Two problems with these arguments.

Re: Scalia's argument to tradition that we because the nation has always proscribed abortion, we do not value the choice a woman can make in this regard. When the first abortion law was passed (I believe in the 1820s in Conn & NY but don't quote me), abortions were dangerous to the woman's health. Very dangerous. In fact, any medical procedure at the time carried a measure of risk but abortions especially so. Scalia doesn't examine why abortion's were proscribed. If for example, the legislative history noted that the reasons they wrote the law was to discourage women from taking those risks, those reasons are not part of the 21st century. No longer are abortions necessarily a risk-your-life procedure, in fact abortion is actually safer than carrying a baby to term. At least not as long as they are legal and able to be performed by competent medical professionals. A second reason abortions may have been proscribed is, in America, circa early 1800s men controlled everything and women were property. A married woman could not decide what to do with her body because in the law, her body belonged to her husband. Thankfully, our values, medical processes and legal attitudes have changed and Scalia's reliance on laws written during this period bear little resemblance to the reality of today.

Re: "Value of Life". Let me take the argument a little further. If society and the law feel the destruction of a non-viable fetus is murder, then we must not make an exception in an anti-abortion law in any cases. For example, if a 12 year girl is raped by her trogoldytic father, she must carry the baby to term, right? After all, if the law allows her an abortion, the law, according to some, is sanctioning murder. But if the law forces her to carry the baby to term, society is forcing her to live with the shame of the incest-rape. Even if she puts the baby up for adoption, the whole world now knows she has been raped by her father and she must live with that for... how long? Yes, this is an exceptional situation but if we make an exception for this girl and allow her to abort a healthy fetus, we have admitted that the life of this fetus isn't "valued" or that we value other interests higher. Now, in a debate I would push down the slippery slope until we find the not-so-bright-line of our values.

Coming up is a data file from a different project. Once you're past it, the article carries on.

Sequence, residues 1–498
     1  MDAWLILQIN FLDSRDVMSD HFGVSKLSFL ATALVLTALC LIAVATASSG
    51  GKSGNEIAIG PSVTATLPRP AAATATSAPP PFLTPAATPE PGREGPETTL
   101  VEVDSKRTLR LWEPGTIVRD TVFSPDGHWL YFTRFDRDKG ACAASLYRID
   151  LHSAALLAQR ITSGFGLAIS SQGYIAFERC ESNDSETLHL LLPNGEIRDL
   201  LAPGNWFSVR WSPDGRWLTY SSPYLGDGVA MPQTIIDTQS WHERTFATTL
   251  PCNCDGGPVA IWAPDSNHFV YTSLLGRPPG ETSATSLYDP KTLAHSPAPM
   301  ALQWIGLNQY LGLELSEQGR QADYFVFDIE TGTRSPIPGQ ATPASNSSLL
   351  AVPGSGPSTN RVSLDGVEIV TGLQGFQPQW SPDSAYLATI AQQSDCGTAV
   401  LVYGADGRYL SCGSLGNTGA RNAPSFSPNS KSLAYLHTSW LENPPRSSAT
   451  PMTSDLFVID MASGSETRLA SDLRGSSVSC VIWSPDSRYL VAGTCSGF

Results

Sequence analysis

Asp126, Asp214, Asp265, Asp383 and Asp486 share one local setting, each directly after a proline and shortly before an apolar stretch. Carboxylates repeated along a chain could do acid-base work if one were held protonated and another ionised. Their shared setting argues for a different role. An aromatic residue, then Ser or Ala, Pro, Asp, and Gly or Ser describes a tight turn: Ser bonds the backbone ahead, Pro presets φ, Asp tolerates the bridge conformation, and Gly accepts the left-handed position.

And then I would start pushing to address the health of the mother situation where an anti-abortion proponent claims to have the right to make a values decision wherein a family decides if a mother should be willing to risk her health to give birth. Even Rehnquist, Scalia and his hand-puppet Thomas would make an exception for the "health of the mother" which makes me ask: just how firm are they on the "value of fetal life". Does the health requirement mean "life or death" or does "risk of serious depression" qualify? And how much of a risk is required? And, if one is willing to make an exception for the health of the mother for what some call murder, then, in a sense, you are recognizing what becomes a self-defense claim for the mother: "but my fetus was going to kill me so I had to defend myself and kill it." That quickly becomes ridculous.